Introduction to the Rock Starter blog by Tim Charron. How to thrive in the new music biz.


Make more money, book more gig$ : BUILDING RELATIONSHIPS

RockStarter coaching partner Nathan Stoops on :


One of the most important relationships in the music business for up and coming or independent bands is with the owner or talent buyer of venues. While I’m not suggesting you name your first born child after the owner of your favorite bar, there are several ways you can increase revenue, build better tour routings, and limit the risk of losing “your slot” in the venue’s rotation of bands. Here are my top 3.

  • ALWAYS contact the owner/talent buyer or other responsible party to advance EVERY show…no matter how many times you have performed at that venue. Advancing shows is typically the responsibility of a tour manager, but for artists/bands who can’t afford one, a 5 minute phone call confirming load in time, start time, set length, lodging info, etc goes a long way toward building trust with the person writing your check. The bottom line here is this: when an owner/manager of a venue trusts you and your team (band) to execute the contract with no drama they will be much more likely to keep you in a regular rotation which can quickly mean better dates and more money. Being consistent with communication is key to many aspects of life, and it is no different here.
  • As the next big thing, you probably think that your show is “all about the music” and your only reason for being on that stage is to sell your CD’s/merch, and make fans…right? Wrong. The smart artist recognizes that while that is of course YOUR #1 goal for the night, the #1 goal of the venue owner is to sell alcohol so THEY can make money! I’ll give a personal example of a situation where recognizing this dual purpose to a show resulted in more money for my band, and better dates being offered in the future. My band rolled into a very popular Panama City Beach venue one summer for our first show. We were siked to play the new venue and couldn’t wait to rock the stage for our fans. As we were loading in, the manager came over and asked us “what was the #1 reason we were there that night”. My band mates answered quickly…”to have a great time” and “to make new fans”. My answer was, “to sell beer”! The manager laughed and immediately agreed. Of course, he understood that our goals were to have fun, make fans, etc, but knowing that we understood the two part nature of our business relationship, he contacted our agent the next day and booked us for two more long weekends of shows, including the coveted spring break weekend slot that most bands would have killed to be a part of.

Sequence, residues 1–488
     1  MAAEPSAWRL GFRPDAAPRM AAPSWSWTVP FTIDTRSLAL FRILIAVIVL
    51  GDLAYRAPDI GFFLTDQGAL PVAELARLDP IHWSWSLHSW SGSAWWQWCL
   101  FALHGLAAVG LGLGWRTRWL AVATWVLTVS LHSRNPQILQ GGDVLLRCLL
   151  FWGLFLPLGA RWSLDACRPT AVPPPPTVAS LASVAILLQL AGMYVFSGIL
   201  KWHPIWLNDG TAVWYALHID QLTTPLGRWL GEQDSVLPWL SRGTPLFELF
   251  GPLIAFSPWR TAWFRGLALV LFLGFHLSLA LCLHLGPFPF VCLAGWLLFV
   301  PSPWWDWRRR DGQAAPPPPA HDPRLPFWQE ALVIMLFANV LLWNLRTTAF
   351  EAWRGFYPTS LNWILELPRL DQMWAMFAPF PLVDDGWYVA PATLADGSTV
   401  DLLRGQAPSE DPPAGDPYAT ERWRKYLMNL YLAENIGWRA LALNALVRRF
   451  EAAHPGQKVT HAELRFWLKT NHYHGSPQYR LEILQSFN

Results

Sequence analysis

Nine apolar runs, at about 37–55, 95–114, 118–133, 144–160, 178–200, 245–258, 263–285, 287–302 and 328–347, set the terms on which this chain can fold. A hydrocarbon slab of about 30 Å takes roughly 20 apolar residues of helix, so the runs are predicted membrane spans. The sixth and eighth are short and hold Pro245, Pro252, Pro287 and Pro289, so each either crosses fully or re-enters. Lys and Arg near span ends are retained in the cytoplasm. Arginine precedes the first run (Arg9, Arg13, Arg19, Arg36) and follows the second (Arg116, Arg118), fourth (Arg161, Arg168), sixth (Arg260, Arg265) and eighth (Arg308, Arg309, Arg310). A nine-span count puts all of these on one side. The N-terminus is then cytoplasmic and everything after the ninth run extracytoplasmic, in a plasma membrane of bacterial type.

• Little things matter! Let’s face it, unless you have serious clout from a hit single, a significant fan base, or the venue owner is Uncle Bob, you need them more than they need you. A respectful and courteous attitude goes a LONG way! After you advance the show at least a week before hand, follow that up by showing up on time, working with the sound engineer to get a good sound check, starting your set on time, not taking longer breaks than agreed on, and not getting too drunk/high to settle up after the show and chat about potential future dates. I can’t tell you how many conversations I’ve had with venue owners/managers complaining about how the band showed up late, drank too much and were sloppy on stage, or trashed the hotel room before leaving town. Those conversations all had a common theme: “That band will never play here again.” On the other hand, I have experienced venue owners being incredibly helpful in filling an open tour date on a short notice, and going above and beyond in providing food and drinks to an artist/band who simply did what they promised to do in their contract in a respectful manner. Because it really is so important I’ll say it one more time…LITTLE THINGS MATTER!

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